Throughout the semester of Phage Hunting this has become my motto that I have sticked to the entire time. Since the beginning, I have failed to even obtain evidence for the presence of phages. I was stuck like this for the first two months of the course. Because I have continued to try to find phages, I have now obtained data from my restriction enzyme electrophoresis and an image of my phage from an electron microscope. I’m now in the process of archiving my discoveries, something I thought I would never be able to do in the first few weeks of phage hunting.
Phage hunting has taught me that the only way to succeed is to learn from failures and mistakes. In every plaque assay that I created I would always end up with a nice bacterial lawn with no evidence whatsoever of the presence of phages. I would end up with this same result for two months straight. Day in and day out I would follow the same procedures for isolation to end up getting nothing again. I even had to collect four different soil sample from different places across campus At one point a slight glimmer of hope appeared in which a small clear spot was observed on one of my plates. However, that hope was soon dashed as when I streaked the clear spot to test if it was a plaque, it simply turned out to be another bubble. At this point I was completely disappointed as I’ve spent a month and a half wasting two and a half hours every Monday and Wednesday to end up with no results. At that point I was ready to drop the course as I felt as though I would not end up with any data to create a presentation or write a final term paper.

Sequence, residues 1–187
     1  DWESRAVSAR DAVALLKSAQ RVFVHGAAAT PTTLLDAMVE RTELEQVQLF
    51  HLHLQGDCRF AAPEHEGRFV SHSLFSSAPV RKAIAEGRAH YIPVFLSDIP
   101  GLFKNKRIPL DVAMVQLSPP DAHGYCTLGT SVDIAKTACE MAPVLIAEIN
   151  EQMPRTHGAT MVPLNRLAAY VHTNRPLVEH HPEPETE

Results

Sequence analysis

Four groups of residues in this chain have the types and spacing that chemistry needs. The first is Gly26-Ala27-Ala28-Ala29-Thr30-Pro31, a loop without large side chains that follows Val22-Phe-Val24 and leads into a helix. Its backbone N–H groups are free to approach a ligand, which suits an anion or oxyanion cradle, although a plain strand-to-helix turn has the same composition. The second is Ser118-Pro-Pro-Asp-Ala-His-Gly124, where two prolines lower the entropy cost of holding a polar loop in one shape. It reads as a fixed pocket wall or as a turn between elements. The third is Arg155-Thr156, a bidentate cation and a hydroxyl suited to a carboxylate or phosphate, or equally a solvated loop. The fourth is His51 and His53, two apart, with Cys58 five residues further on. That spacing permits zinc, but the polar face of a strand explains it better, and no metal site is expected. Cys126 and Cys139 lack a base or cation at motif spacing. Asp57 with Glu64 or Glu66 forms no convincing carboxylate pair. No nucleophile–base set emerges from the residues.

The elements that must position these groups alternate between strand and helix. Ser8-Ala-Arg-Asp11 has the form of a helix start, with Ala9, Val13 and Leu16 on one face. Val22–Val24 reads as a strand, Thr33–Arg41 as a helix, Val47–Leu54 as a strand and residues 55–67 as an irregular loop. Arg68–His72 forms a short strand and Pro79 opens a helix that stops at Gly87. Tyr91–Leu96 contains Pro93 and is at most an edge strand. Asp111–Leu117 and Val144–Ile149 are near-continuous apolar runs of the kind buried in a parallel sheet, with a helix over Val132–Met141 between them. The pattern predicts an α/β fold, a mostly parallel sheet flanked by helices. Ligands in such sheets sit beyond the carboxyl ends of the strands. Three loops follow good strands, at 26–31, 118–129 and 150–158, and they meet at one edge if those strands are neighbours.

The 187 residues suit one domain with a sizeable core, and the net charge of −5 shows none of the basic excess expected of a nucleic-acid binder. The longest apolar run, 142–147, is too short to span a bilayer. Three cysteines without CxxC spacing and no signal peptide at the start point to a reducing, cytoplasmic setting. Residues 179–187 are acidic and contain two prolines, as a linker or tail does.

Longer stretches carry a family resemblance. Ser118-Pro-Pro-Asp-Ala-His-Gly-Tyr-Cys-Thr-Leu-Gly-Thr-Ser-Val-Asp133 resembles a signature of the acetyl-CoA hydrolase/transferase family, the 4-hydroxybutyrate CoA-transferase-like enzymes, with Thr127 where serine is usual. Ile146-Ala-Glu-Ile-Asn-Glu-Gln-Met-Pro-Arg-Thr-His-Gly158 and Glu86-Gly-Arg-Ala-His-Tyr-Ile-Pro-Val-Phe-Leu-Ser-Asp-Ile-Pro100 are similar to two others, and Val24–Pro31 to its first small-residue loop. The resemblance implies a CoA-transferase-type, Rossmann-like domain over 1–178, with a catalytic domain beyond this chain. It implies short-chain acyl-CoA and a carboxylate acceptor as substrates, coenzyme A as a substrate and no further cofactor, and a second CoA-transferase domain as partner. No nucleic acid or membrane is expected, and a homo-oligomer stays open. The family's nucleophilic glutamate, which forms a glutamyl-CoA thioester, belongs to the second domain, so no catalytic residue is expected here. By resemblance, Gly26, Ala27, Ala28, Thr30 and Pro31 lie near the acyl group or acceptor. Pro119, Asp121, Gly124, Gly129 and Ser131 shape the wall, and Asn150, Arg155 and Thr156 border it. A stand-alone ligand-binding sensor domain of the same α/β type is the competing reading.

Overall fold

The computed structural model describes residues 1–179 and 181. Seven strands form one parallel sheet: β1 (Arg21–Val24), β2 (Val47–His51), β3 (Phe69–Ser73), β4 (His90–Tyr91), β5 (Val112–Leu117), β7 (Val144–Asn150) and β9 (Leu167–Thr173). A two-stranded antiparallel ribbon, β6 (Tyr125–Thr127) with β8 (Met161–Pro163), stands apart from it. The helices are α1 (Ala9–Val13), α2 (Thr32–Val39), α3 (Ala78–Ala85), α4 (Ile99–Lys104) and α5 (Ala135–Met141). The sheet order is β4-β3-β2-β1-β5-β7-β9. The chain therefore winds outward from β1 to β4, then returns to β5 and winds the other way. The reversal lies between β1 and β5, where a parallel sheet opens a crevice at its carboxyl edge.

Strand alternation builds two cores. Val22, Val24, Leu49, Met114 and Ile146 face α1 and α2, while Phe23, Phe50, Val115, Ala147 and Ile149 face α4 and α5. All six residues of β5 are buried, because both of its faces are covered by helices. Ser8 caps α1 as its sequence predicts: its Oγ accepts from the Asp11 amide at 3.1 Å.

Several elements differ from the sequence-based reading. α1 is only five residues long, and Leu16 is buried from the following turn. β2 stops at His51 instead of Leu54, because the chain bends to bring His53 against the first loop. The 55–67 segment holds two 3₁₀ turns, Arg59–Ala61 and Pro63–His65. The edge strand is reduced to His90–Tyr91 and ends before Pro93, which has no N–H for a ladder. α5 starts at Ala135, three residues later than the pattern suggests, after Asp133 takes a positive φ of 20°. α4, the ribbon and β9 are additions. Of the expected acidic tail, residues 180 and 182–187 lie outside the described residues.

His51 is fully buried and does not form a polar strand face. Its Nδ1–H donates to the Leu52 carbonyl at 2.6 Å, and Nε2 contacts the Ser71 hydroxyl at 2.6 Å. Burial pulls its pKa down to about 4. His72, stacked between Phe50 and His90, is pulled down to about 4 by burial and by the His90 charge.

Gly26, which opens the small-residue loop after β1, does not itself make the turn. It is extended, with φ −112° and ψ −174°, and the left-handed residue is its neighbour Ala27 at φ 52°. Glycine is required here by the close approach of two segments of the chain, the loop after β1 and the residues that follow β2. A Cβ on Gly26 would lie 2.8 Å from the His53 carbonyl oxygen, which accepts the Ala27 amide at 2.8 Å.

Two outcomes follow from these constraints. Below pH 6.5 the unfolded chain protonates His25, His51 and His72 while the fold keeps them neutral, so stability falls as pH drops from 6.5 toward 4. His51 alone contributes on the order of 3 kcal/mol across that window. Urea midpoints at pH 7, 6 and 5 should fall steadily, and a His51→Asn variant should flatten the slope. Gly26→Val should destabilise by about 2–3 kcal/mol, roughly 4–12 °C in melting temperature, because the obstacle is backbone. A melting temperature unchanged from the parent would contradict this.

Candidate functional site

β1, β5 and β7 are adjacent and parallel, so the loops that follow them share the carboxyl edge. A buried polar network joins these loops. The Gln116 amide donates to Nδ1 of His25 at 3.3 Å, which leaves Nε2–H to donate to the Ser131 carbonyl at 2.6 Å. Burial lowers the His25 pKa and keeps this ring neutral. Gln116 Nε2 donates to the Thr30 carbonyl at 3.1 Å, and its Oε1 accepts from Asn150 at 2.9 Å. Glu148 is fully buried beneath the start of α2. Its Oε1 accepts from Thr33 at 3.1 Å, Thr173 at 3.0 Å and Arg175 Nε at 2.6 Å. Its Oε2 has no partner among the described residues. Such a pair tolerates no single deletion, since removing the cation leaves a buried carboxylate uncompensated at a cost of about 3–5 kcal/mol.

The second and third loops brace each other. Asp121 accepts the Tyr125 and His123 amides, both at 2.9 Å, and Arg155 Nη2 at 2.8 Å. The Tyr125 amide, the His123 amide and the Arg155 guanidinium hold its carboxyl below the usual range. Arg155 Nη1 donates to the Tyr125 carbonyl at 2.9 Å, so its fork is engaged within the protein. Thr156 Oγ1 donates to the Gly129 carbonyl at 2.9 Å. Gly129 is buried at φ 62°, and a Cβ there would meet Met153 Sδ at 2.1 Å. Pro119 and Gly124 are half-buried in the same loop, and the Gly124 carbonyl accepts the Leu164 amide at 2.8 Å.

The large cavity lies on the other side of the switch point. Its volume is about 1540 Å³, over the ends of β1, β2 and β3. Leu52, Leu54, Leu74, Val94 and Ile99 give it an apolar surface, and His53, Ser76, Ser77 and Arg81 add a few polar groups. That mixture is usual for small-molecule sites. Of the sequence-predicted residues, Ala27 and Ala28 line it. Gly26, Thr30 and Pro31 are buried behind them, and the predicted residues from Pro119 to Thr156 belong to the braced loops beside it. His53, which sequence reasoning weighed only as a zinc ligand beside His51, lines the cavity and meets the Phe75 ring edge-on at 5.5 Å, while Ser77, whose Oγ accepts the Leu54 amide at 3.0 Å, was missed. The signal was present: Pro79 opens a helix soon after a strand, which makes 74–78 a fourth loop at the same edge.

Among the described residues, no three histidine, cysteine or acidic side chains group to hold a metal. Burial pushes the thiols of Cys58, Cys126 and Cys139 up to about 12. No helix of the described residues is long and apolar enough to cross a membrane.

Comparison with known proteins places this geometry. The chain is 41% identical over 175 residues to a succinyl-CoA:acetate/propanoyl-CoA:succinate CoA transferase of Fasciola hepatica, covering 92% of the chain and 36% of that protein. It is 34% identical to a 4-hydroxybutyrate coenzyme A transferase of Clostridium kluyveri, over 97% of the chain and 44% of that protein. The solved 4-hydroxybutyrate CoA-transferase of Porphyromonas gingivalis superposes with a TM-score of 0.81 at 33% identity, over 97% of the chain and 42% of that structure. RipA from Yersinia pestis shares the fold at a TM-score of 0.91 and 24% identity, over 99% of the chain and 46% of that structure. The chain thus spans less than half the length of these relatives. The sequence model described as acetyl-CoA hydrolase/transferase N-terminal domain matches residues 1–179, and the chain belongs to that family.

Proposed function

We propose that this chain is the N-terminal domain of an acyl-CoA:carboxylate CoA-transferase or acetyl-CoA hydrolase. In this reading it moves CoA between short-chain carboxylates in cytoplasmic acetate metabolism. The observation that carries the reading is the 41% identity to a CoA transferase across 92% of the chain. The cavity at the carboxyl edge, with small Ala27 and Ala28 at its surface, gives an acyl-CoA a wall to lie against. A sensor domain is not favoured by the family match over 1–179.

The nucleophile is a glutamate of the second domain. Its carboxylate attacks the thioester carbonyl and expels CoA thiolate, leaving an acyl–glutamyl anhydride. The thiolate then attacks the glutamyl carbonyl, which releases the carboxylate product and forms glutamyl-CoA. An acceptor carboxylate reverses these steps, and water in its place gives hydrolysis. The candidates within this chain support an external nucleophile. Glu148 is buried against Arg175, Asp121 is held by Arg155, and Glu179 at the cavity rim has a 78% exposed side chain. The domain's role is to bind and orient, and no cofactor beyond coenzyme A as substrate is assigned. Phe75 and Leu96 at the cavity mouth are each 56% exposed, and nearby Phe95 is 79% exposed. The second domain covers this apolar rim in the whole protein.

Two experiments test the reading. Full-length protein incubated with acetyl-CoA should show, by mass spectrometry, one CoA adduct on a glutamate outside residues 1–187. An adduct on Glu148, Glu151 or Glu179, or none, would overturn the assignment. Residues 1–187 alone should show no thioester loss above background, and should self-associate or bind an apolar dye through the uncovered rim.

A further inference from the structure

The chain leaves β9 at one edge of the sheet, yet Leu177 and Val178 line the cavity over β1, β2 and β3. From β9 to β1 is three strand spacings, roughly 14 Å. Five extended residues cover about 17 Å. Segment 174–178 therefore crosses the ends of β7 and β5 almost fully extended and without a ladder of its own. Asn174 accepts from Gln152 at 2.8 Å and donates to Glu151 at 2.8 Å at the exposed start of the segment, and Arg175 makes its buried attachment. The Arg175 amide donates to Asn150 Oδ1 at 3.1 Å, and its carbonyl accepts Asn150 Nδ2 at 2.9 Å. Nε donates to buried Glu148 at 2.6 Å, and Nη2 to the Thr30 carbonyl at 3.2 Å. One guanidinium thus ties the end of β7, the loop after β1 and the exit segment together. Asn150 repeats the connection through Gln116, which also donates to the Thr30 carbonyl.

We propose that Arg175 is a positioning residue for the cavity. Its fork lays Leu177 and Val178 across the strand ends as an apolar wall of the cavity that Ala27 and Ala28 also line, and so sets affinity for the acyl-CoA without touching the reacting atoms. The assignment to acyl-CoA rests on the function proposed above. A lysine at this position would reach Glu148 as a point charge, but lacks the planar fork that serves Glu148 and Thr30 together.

However, through some divine intervention, also known as Wendy, I was finally able to obtain a phage that I could isolate and finally begin the process of getting to know my phage. I had been looking forward to doing this since the beginning of the year. As I began to isolate my phage I felt more and more like I was becoming a scientist. I finally felt that the time I spent each day was actually worth it as now I was finally producing results that I could measure and observe. Since the day I finally obtained my phage and I going through the entire project with no other obstructions. I had isolated my phage through streaking and calculated the phages concentration. I then got to finally see my phage when I viewed it under the electron microscope. At that moment I realized that despite all of my failures I was still able to find my own phage and characterize it. This made me believe that success is almost certain, it only takes a certain amount of patience, determination, and stamina to finally reach it.
Success is not simply a straight path that you can follow easily. It is in fact a series of paths that mostly end in deadens from which you must blackout from and start a different path that will again most likely end up in a dead end. However one of those paths will finally be the correct one and success will finally be found Many of today’s discoveries could never have happened if the person simply gave up their work. For instance Einstein was not simply able to conjure up his well known equation E=mc^2 in a matter of a single day with no mistakes. He had to spend many months experimenting and deriving equations that simply were not correct. If Einstein had decided to give up the first time he failed he would have never been able to calculate any of his commonly known and frequently used equations as well I would never have obtained a picture of a phage that I was finally able to find and isolate.